Scottish National Dictionary (1700–)
BIND, BIN, BINN(D), v., pa.t. band, pa.p. bun(d). Sc. pronunciation of Eng. bind. [bɪn(d), pr.t., bɑn(d), pa.t., bʌn(d) pa.p.]
1. To tie up; to tether.
Sc. 1904 Hobie Noble in Ballads (ed. Child) No. 189 xxv.:
Now they have tane brave Hobie Noble, Wi' his ain bowstring they band him sae. Sh.(D) 1891 Burgess Rasmie's Büddie 56:
Caald dey lie ita da watters, An dir limbs ta tangles binnd. Sh. 1908 Jak. (1928);
To b[ind] de coo, to tether the cow in the home-field. Abd.(D) 1867 Mrs Allardyce Goodwife at Home xv.:
Jinse, haste ye, an' bin up the beasts. Edb. 1922 fig. P. Macgillivray Bog Myrtle and Peat Reek 96:
Twa lovers at their trystin' place Think they maun reap an' binn. wm.Sc.  Laird of Logan (1868) 16:
Quo' I to mysel', bin me as ye like, I'll no rowt lang in your tether.
2. With up.
(2) To be costive.
Bnff. 1934 2 :
I think ye shid [should] gie yir caafie a drappie ile [oil]; it looks some bun up i' the guts. [Cf. Eng. use of bind, to make costive.]
3. To bind corn sheaves with straw ropes.
Sh.(D) 1918 T. Manson Humours Peat Comm. I. 47–48:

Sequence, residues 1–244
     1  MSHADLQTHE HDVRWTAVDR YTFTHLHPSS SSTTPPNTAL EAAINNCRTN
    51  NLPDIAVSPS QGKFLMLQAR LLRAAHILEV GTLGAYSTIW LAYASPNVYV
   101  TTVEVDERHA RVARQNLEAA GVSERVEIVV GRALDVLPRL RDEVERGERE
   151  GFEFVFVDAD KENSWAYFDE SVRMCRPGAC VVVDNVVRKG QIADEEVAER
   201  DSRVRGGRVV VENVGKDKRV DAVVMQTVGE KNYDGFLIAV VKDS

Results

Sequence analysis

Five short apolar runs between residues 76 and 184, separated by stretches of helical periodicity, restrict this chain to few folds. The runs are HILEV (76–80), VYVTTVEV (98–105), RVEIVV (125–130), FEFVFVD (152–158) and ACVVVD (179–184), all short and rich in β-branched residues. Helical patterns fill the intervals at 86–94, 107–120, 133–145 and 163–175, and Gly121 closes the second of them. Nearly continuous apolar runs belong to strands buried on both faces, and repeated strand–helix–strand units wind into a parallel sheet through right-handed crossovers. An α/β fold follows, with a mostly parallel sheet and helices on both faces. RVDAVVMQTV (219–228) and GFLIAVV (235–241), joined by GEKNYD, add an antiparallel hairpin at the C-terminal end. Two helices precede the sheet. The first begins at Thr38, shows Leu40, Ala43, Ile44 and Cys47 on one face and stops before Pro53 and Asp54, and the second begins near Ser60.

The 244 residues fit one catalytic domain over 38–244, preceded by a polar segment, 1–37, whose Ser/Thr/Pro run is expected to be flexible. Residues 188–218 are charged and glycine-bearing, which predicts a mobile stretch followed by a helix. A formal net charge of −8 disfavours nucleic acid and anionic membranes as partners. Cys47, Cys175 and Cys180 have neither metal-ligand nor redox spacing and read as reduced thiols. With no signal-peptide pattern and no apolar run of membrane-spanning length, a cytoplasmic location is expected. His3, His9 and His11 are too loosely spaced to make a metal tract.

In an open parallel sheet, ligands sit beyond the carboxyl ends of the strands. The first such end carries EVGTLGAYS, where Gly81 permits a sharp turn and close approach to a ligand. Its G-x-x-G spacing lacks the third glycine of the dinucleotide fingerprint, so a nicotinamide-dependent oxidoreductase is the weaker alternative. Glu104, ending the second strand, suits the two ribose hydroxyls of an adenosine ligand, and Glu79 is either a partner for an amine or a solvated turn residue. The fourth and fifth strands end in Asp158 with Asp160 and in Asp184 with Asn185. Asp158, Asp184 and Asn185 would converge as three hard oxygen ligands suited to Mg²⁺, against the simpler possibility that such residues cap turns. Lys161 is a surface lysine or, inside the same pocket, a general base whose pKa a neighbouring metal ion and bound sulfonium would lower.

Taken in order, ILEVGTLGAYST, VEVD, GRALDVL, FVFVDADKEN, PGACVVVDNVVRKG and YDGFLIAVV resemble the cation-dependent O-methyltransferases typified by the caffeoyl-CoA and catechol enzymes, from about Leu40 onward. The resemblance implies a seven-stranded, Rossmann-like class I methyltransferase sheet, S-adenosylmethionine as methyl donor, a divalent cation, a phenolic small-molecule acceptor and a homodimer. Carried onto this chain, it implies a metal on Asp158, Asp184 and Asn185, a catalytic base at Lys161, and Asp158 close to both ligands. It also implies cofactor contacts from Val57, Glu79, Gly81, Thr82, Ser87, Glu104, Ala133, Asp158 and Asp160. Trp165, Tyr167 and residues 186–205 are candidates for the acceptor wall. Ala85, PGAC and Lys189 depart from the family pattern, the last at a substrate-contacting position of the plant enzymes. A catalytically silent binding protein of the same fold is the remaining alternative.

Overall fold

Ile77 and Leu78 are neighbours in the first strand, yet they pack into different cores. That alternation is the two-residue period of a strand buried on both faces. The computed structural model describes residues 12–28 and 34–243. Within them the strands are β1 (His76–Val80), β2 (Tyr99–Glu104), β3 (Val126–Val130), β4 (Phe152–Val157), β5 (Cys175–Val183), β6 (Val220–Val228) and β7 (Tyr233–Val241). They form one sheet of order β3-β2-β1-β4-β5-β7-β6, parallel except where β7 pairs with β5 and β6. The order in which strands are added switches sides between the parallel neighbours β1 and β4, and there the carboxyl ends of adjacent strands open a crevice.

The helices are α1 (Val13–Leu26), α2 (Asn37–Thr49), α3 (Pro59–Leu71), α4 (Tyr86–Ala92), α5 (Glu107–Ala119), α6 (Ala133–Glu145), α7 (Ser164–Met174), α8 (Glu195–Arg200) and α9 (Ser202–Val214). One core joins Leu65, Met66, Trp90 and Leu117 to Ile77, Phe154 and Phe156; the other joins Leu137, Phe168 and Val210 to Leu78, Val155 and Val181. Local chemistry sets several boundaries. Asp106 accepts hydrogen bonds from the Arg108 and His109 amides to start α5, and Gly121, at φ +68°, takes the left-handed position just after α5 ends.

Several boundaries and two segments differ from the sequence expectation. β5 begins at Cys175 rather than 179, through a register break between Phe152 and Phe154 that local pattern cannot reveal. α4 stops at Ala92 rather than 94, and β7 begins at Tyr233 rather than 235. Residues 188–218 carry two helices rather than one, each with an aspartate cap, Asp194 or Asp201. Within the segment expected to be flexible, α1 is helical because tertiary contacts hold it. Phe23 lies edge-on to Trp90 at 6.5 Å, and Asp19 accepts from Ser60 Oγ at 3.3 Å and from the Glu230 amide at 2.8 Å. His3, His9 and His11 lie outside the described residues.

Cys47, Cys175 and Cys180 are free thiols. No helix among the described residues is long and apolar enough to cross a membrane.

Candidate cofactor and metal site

Come awa, my jewel; da men here is aboot ready ta binnd, tinkin ye wirna comin ava. Arg. 1931 1 :
To bin. To tie a sheaf after it has been placed on the “strap” by the buncher. Dmf. 1817 W. Caesar Poems 74:
Farmer John . . . Sharps a hook, whiles bin's a sheafie, An' a sta'k will sometimes pu'.
4. In phr. neither or not to haud nor bin', bind nor haud, to be beyond control. Gen.Sc.
Abd. 1865 G. Macdonald Alec Forbes I. xx.:
And Robert wadna sweer, ye ken; but he was neither to haud nor bin'. m.Sc.  A. Rodger Poems and Songs (1897) 65:
Auld Gripsiccar wasna to haud nor to bin'. Ayr. 1823 Galt Entail lv.:
Since that time he's been neither to bind nor to haud.
You may wish to vary the format shown below depending on the citation style used.
"Bind v.". Dictionary of the Scots Language. 2004. Scottish Language Dictionaries Ltd. Accessed 19 Mar 2018 <http://www.dsl.ac.uk/entry/snd/bind_v>
Try an Advanced Search